The following is from the lectionary reading, Year B, of the Lutheran Lectionary.
A Psalm. 1 Oh sing to the Lord a new song, for he has done marvelous things! His right hand and his holy arm have worked salvation for him. 2 The Lord has made known his salvation; he has revealed his righteousness in the sight of the nations. 3 He has remembered his steadfast love and faithfulness to the house of Israel. All the ends of the earth have seen the salvation of our God. 4 Make a joyful noise to the Lord, all the earth; break forth into joyous song and sing praises! 5 Sing praises to the Lord with the lyre, with the lyre and the sound of melody! 6 With trumpets and the sound of the horn make a joyful noise before the King, the Lord! 7 Let the sea roar, and all that fills it; the world and those who dwell in it! 8 Let the rivers clap their hands; let the hills sing for joy together 9 before the Lord, for he comes to judge the earth. He will judge the world with righteousness, and the peoples with equity.
No attribution is given to this psalm and many commentators point out the language of praise which parallels several passages in Isaiah. The occasion of the writing is said to have been the return of the exiles from Babylonian captivity (Leupold, 691-92) although Leupold freely admits that the historical events are not directly alluded to within the psalm. According to Leupold, several verses within the Psalm allude to or are cited from Isaiah. They can be seen in the chart below.
Indeed these verses do parallel the Isaiah passages in language and idea. The Psalm itself is broken into three refrains of three verses each and can be divided as such: verses 1-3, verses 4-6, verses 7-9. The main theme is the praise of Yahweh/Elohim. The centrality for this praise is seen because He has made known His salvation. This salvation is manifested in two ways:
- He has made salvation known to all the nations. As God’s covenant people, Israel had the privilege of receiving His Law. When they were faithful to the covenant, God protected them in miraculous ways. The nations surrounding Israel were witnesses of these miracles. Time and time again, God acted on behalf of His people. The Psalmists draws from these times to proclaim how the nations have seen God’s salvation.
- He has made salvation known through His faithfulness. Israel had a long history of apostasy. The book of Judges records their darkest times of a continual cycle of apostatizing and return to the Yahweh. Eventually, both the Northern and Southern kingdoms are ejected from their inheritance and led captive to other nations. But as God is faithful, He brought His covenant people back into the land, causing a great rejoicing and praise.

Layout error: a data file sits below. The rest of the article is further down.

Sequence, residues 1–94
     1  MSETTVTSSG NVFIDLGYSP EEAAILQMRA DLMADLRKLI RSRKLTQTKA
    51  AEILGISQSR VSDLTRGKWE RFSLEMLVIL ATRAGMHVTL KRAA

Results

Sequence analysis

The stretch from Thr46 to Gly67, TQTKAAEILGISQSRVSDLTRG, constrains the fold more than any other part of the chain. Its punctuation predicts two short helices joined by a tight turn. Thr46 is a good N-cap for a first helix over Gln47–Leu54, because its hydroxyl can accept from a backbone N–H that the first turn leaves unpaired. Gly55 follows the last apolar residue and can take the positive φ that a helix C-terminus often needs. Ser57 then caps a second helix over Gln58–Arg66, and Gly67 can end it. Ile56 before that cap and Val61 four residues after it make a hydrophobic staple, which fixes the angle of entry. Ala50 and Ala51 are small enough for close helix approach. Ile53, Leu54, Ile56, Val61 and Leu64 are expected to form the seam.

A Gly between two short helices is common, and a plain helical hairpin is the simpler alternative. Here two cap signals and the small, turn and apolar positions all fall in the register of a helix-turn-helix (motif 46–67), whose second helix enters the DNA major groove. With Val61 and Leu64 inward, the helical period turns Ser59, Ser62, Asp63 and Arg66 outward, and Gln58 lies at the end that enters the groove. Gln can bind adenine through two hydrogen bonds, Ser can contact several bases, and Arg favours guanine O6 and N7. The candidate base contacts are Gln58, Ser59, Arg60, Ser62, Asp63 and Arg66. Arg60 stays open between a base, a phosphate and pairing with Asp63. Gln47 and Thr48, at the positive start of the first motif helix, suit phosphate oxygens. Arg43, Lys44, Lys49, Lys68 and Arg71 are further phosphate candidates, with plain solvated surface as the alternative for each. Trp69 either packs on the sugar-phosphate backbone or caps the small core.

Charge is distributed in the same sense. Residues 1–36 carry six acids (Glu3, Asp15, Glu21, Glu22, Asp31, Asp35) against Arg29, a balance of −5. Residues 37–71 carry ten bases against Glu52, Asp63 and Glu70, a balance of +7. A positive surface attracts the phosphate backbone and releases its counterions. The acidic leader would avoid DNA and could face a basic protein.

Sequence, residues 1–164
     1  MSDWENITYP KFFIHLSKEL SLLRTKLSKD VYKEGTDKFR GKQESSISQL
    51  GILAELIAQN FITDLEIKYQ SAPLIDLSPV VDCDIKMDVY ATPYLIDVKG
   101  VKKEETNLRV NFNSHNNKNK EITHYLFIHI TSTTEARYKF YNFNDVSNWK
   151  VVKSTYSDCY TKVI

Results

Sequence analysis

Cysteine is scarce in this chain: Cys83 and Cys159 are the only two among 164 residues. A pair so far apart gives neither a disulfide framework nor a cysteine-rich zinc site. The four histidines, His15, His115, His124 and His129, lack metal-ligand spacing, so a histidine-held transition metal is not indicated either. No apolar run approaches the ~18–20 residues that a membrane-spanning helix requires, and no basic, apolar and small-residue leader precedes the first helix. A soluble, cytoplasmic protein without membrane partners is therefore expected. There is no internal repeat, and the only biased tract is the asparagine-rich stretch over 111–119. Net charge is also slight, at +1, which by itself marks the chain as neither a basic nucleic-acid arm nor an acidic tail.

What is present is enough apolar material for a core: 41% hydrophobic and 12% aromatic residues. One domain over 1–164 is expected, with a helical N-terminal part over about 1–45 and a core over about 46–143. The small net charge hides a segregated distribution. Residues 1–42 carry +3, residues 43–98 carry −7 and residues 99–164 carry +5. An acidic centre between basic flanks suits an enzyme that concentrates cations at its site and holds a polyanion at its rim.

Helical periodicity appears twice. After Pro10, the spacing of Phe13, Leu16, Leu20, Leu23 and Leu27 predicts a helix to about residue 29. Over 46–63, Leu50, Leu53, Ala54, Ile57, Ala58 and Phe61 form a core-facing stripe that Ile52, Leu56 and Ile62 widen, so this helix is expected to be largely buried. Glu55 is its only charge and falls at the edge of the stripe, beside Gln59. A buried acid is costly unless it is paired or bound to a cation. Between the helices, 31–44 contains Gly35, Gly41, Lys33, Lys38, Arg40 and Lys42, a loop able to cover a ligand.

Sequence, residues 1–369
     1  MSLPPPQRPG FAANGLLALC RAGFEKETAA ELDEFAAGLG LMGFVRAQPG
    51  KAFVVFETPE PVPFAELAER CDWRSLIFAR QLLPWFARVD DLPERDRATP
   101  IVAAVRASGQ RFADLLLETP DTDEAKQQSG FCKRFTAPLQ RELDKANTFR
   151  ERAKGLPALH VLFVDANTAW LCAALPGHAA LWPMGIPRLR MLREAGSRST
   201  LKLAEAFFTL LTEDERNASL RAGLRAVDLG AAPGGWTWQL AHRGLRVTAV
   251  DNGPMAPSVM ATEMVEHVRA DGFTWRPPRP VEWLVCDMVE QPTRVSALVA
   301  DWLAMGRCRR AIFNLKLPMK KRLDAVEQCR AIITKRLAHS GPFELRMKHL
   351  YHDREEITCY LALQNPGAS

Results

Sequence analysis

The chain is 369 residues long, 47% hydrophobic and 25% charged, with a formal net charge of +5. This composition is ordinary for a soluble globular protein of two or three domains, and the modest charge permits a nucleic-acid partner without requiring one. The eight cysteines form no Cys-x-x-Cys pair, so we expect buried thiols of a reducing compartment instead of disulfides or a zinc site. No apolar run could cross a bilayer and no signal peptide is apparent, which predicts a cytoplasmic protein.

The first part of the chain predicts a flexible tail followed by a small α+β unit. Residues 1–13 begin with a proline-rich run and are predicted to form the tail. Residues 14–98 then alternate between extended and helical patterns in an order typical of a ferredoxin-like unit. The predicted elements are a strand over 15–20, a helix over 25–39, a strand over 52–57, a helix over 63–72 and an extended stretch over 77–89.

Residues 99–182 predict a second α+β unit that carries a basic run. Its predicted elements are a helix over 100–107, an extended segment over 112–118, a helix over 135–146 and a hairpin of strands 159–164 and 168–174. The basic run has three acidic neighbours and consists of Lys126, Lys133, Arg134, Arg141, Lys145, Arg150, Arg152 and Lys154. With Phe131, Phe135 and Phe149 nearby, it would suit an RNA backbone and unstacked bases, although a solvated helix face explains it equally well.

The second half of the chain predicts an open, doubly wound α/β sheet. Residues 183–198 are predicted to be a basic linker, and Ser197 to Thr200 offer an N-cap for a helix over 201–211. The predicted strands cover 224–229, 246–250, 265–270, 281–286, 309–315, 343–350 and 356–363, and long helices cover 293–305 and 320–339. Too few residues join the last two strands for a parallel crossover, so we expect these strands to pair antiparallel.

Below, are some of my own observations of the Psalm with important parts marked in bold.
The Psalm concludes with the final praise of God’s judgment upon the nations. He will judge (1) with righteousness – God will show no partiality with His judgment. Political, economical, and social status will all be judged according to His own standards rather than man’s standards. No one will have “an edge” in this judgement. All will stand on equal ground. (2) with equity – This goes hand-in-hand with God’s righteous judgment. His judgment will be fair. The poor & rich, king & pauper, man & woman will receive just judgment/penalty for their actions.
This judgment will be either frightful or as the Psalmist declares, something to rejoice in.
Salvation has been made known to the nations through Jesus Christ and all the world has seen it (John 12:32). This is a great cause of rejoicing, knowing that God is faithful to His people on account of the atoning work of Jesus. He is our King and our Lord. We are to praise Him unceasingly as He continues to show His steadfast love and faithfulness to His sheep.
Judgment is coming. It is for those who refuse the offer of the gracious King and insist in either their own brand of righteousness or their own autonomous rule. This judgment will be fair and impartial and no man, woman, or child will elude the judgement with Him whom we must give an account (Hebrew 4:13).
Salvation is found in no other Person but Jesus. On the final Day it will be a cause of rejoicing for many and a time of wailing for others. Will you rejoice in Christ and praise Him for His judgment? or will you curse Him as you are cast into the Lake of Fire for the rejection of His free offer of life and salvation?.